These have been particularly rough times for the taxpayers, and they won’t be easier for the next couple of generations. Bailouts to big financial companies and bogus stimulus spending will cost trillions of dollars. Even if explicit taxes are not raised to pay that bill — and to some extent they will be — wealth will be extracted from productive individuals nonetheless. The government is borrowing a mind-numbing amount of money from the capital markets, while the Federal Reserve is setting records creating money from nothing in a process known as “monetizing the debt.” This will eventually sock the common people with a triple whammy by 1) immediately transferring scarce capital from productive entrepreneurs to parasitic politicians, 2) misallocating other resources within the private sector, making the economy vulnerable to a new recession, and 3) eroding the purchasing power of the dollar. In other words, government debt affects us like taxation does, only less visibly.

In the tax season, we can all use a laugh, and the government has provided it. Every time the politicians approve a bailout, they promise to “protect the taxpayers.” Some even say the taxpayers might profit off the toxic bank assets when the government resells them in a revived market later. Nonsense. Even in the unlikely event the assets appreciate sufficiently, it won’t be the taxpayers who profit. It’ll be the politicians. They will be the ones with more to spend. If you think they will cut taxes to offset that revenue, you are in for a surprise. We are not the government.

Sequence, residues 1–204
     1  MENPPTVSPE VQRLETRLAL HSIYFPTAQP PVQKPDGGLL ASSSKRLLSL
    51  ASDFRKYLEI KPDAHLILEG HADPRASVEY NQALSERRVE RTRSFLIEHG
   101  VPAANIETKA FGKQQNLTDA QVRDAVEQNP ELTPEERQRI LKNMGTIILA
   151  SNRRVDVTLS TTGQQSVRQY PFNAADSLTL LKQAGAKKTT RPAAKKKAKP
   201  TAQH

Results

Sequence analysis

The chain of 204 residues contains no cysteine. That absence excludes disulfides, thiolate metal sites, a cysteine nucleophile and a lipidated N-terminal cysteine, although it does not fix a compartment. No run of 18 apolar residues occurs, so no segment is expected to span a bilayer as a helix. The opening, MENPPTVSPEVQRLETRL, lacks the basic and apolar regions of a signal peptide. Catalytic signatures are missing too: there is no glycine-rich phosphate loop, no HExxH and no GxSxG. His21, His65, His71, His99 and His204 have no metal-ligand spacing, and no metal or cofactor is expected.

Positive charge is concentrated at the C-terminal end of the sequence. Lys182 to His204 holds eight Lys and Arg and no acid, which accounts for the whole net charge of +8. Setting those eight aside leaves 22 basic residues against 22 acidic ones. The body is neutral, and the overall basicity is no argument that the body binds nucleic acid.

If the politicians were serious about protecting the taxpayers, they’d leave us the hell alone.

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    Sheldon Richman is vice president of The Future of Freedom Foundation and editor of FFF's monthly journal, Future of Freedom. For 15 years he was editor of The Freeman, published by the Foundation for Economic Education in Irvington, New York. He is the author of FFF's award-winning book Separating School & State: How to Liberate America's Families; Your Money or Your Life: Why We Must Abolish the Income Tax; and Tethered Citizens: Time to Repeal the Welfare State. Calling for the abolition, not the reform, of public schooling. Separating School & State has become a landmark book in both libertarian and educational circles. In his column in the Financial Times, Michael Prowse wrote: "I recommend a subversive tract, Separating School & State by Sheldon Richman of the Cato Institute, a Washington think tank... . I also think that Mr. Richman is right to fear that state education undermines personal responsibility..." Sheldon's articles on economic policy, education, civil liberties, American history, foreign policy, and the Middle East have appeared in the Washington Post, Wall Street Journal, American Scholar, Chicago Tribune, USA Today, Washington Times, The American Conservative, Insight, Cato Policy Report, Journal of Economic Development, The Freeman, The World & I, Reason, Washington Report on Middle East Affairs, Middle East Policy, Liberty magazine, and other publications. He is a contributor to the The Concise Encyclopedia of Economics. A former newspaper reporter and senior editor at the Cato Institute and the Institute for Humane Studies, Sheldon is a graduate of Temple University in Philadelphia. He blogs at Free Association. Send him e-mail.